While the new government has stopped pre-censorship, and there is seemingly less surveillance, organisations such as Human Rights Watch and Open Tech Fund are concerned that restrictive laws enacted by the previous regime are still on the books and can be applied to the use of the new technology and to the network infrastructure being set up. According to a recent Human Rights Watch report it is still illegal to own an unregistered fax machine or modem or to post anything on the Internet the government might deem “detrimental to the security of the country”. The provisions of these laws are vaguely worded and overly broad and as they remain on the books, could be open to abuse by the government. The authorities could at any time exert control over the new telecommunications infrastructure and resume practices of widespread surveillance, network disconnection, censorship and arrest and imprisonment of dissidents and journalists.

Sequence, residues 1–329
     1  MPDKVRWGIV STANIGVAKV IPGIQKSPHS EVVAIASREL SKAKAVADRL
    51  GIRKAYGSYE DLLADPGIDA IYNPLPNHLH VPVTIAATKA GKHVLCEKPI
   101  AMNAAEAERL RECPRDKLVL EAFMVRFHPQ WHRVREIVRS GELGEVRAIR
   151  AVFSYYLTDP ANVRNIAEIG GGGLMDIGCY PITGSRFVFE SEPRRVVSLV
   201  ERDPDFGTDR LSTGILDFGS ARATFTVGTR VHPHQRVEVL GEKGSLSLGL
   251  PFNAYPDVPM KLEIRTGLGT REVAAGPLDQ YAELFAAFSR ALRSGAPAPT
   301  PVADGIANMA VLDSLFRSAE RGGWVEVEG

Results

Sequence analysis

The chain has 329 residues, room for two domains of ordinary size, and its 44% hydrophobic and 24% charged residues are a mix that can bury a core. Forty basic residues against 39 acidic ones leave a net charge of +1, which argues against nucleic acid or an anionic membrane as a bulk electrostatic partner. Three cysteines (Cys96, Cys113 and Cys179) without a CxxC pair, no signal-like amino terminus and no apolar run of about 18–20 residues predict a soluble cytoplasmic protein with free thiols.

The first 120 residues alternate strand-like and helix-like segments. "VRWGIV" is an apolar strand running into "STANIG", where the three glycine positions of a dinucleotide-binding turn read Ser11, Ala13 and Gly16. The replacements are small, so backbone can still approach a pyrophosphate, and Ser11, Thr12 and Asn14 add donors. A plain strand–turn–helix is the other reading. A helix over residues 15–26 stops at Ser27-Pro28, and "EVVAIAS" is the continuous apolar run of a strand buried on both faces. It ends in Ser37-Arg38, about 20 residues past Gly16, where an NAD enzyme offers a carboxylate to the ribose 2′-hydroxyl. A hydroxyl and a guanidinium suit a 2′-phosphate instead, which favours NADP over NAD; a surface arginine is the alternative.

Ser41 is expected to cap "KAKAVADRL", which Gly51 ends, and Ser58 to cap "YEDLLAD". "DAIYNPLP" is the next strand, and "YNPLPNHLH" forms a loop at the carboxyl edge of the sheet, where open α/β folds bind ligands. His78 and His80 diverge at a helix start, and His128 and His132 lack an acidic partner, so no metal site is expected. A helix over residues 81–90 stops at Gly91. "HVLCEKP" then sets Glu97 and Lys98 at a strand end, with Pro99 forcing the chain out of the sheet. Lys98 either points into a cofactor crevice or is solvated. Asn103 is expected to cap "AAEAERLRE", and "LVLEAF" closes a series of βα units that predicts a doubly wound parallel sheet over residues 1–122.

Given the absence of a legal framework for the ICT sector in Myanmar, it is important that these companies use all the resources available to avoid contributing to adverse human rights impacts through their own activities, and address such impacts where they occur. In particular, given similar challenges arising elsewhere in the world, companies should anticipate government requests for network disconnection, user information and surveillance and ensure they have the plans and processes in place to prevent or at least mitigate to the greatest extent possible the potential negative human rights impacts arising from such requests. These are difficult issues in any market and no less so in Myanmar so preventive planning and consultation with human rights experts are important steps.